Step 1: Gather Materials
First, do some homework. If you're into engineering like me, you should be able to estimate pretty well what kind of loads you'll be putting on these hooks and design accordingly. If you're not, or if you just like to play with online calculators, use this to see what you'll need for hook ratings (it's interesting to note that depending on how the hammock is hung, a 200 lb person can put over 1000 lbs of tension on the lines! Wow!) I found that lag hooks rated at 250 lbs would be sufficient for me.
2 lag hooks (you could also use eye-bolts, but you'll need something like a load-bearing carabiner to fasten the hammock to these)
2 pieces of 2x4 (or something similar) around 2 feet long
some 3.5" (or more) drywall screws
a snack (optional)
wood finish of your choice (also optional)
Probably also a hammock, and some tools. Something with which to cut your lumber, drive the screws into the wall, and drill pilot holes for your lag hooks (bonus points if you do it all with the same tool!)
Step 2: Prepare Lumber
Start by cutting the 2x4s down to size. Around 20" sounds good...
Then drill pilot holes for the lag hooks. Some of you might want to measure and make them perfectly centered, but I just eye-balled them. Don't drill them too big, or the threads won't grab. I used a bit just slightly smaller than the shaft of the hooks. You should do the same. I also did mine at an angle to be more co-linear with the force exerted by the hammock, and so that I could get more of the threads in contact with the wood.
Step 3: (optional) Dress Up the Lumber
Step 4: (also Optional) Wait for Stuff to Dry
Step 5: Insert Lag Hooks, Install Hangers
So, do you have all that figured out? Got a good spot for your hangers? Good! Screw your lag hooks into the hangers, making sure they don't stick all the way through the wood. Large pliers may be helpful here. Once everything looks good you're ready to screw in the hangers! I used about 6 or 7 screws per hanger, positioned up high so that the screws go into the top plate, or if you prefer, screw them into the studs. If you tap on your wall with a hammer you can feel where this is, or you can use a stud finder. Don't go overboard with the screws, too many will start to split and weaken the wood. Stagger them slightly if you can, rather than going in a row.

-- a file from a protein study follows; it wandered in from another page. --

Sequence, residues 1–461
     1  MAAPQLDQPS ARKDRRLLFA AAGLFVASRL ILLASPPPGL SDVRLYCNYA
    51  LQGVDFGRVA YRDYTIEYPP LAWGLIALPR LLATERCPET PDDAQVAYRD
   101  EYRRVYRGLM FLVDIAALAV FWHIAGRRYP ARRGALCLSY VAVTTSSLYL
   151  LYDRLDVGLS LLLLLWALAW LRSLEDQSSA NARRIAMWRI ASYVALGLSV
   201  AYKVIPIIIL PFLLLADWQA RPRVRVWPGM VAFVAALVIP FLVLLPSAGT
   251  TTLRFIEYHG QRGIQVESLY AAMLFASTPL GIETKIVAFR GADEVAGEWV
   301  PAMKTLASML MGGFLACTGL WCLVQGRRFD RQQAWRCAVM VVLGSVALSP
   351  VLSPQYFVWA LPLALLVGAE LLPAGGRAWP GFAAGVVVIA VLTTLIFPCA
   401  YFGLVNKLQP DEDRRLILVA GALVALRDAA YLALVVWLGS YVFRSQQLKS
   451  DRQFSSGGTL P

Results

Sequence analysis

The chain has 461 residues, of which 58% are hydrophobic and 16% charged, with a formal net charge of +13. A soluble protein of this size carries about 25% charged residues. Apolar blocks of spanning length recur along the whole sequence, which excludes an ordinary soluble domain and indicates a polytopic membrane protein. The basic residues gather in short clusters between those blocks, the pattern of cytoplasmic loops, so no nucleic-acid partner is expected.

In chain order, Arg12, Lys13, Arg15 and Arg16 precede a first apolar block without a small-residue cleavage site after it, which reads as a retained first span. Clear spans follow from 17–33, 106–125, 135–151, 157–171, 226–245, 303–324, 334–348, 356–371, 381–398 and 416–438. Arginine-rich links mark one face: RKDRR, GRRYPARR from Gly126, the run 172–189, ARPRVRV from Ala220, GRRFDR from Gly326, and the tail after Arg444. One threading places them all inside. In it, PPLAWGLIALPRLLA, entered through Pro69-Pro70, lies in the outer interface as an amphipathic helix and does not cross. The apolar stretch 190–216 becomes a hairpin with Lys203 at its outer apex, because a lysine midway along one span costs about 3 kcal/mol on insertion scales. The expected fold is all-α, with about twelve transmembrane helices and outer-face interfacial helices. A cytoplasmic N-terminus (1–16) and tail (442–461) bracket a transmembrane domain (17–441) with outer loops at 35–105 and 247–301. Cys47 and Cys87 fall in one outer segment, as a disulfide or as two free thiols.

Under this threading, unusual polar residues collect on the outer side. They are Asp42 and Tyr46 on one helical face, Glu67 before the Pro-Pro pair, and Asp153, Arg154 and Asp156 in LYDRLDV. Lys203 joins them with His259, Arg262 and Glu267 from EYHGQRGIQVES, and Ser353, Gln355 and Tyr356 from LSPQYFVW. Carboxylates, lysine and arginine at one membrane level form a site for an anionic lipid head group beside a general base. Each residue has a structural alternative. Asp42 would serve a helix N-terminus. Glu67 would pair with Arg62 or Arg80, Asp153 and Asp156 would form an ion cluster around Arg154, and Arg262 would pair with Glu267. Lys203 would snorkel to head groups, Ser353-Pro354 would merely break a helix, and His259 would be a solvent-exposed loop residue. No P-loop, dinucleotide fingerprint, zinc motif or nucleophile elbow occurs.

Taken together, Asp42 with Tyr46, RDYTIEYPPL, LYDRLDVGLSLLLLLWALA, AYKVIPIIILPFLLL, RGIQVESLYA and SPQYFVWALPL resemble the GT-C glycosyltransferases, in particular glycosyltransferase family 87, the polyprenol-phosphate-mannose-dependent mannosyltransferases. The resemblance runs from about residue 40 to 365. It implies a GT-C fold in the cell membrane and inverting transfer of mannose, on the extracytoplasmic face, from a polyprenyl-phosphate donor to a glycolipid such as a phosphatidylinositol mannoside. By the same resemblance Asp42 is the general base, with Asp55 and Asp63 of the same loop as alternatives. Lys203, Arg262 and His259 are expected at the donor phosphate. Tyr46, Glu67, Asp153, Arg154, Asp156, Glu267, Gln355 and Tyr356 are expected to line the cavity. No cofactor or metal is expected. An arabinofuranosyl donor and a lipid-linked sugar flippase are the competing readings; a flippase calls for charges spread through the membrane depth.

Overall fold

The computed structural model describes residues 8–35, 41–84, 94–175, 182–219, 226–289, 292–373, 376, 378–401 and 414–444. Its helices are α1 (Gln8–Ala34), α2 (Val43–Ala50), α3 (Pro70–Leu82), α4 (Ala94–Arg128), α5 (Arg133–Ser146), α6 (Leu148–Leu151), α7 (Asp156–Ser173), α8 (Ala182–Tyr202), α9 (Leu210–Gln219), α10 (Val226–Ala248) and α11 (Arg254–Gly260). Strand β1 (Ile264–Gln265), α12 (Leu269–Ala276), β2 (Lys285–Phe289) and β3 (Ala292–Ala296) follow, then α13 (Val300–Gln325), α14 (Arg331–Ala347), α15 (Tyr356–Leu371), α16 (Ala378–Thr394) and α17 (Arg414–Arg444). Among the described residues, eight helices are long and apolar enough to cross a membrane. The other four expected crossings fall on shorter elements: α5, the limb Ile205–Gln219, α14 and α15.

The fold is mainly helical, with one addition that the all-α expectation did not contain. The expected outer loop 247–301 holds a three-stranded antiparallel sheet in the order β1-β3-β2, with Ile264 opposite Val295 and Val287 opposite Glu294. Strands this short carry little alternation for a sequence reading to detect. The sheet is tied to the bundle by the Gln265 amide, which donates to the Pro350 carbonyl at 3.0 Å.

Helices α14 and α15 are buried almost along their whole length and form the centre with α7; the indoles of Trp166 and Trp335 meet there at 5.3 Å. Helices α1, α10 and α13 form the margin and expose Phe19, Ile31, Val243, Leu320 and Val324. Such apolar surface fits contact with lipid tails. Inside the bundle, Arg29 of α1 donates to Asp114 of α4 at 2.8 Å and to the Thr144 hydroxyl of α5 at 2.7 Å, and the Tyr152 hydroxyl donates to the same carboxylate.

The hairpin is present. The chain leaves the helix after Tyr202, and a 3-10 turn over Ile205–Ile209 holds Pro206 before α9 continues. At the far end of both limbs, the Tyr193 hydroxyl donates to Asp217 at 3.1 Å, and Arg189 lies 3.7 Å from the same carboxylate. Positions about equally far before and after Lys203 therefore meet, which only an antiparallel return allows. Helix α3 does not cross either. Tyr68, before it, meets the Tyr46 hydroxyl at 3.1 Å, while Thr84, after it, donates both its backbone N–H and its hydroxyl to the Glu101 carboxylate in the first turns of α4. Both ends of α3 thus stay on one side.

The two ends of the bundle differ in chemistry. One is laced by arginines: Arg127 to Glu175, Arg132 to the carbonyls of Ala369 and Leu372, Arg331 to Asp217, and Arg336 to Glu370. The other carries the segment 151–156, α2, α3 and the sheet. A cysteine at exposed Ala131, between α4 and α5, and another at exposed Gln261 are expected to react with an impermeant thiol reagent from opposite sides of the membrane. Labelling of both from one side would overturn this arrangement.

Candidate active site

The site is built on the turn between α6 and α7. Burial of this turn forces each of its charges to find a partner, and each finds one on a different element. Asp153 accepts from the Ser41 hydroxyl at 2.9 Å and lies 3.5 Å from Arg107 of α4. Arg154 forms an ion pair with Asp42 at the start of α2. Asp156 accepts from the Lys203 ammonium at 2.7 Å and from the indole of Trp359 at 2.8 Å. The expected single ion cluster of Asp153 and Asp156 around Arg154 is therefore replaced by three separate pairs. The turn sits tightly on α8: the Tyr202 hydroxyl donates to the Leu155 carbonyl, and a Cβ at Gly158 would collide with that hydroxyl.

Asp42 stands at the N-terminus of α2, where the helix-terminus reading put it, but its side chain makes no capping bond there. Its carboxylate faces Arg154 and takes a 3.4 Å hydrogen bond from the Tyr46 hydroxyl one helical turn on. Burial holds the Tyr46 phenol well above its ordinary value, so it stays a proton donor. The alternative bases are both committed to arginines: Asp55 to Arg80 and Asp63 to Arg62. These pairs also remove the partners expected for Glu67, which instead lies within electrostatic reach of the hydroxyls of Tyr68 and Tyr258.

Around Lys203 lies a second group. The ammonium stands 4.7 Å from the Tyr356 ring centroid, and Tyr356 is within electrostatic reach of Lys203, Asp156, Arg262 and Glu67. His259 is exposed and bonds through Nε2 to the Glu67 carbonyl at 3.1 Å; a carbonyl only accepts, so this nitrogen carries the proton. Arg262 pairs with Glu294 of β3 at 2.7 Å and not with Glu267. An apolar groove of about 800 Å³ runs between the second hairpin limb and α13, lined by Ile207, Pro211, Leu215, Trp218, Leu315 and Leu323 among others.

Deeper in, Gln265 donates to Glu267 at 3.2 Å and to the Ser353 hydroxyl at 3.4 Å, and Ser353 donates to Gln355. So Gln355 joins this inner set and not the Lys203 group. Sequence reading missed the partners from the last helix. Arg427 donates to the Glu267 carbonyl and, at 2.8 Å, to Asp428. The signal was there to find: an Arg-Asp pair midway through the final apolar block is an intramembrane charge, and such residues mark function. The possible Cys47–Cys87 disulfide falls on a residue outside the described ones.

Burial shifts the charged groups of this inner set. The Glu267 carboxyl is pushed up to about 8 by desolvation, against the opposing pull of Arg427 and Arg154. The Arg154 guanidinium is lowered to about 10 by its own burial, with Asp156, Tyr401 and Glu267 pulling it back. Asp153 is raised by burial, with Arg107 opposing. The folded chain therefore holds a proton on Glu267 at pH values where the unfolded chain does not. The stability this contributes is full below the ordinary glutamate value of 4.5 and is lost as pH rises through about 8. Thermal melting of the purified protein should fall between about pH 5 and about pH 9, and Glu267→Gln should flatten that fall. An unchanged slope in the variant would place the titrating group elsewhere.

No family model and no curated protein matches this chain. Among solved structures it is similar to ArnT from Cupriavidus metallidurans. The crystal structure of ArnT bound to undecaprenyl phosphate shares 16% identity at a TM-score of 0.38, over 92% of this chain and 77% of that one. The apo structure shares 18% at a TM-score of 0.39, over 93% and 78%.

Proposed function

Step 6: Hang It Up!
I realize this was kind of a quick and dirty project, and there are other ways of hanging your hammock indoors, but I wanted to share what I came up with. I didn't really want to get into suspension and hanging details, those are covered in my other hammock instructable and discussed ad nauseum at the Hammock Forums.I hope it helps! Thanks, and don't forget to share your thoughts in the comments below!
Also, thanks to the mass of people who helped get this thing featured! That's really cool, thanks guys! I'm glad you like it. Again, don't forget to vote for the laser challenge!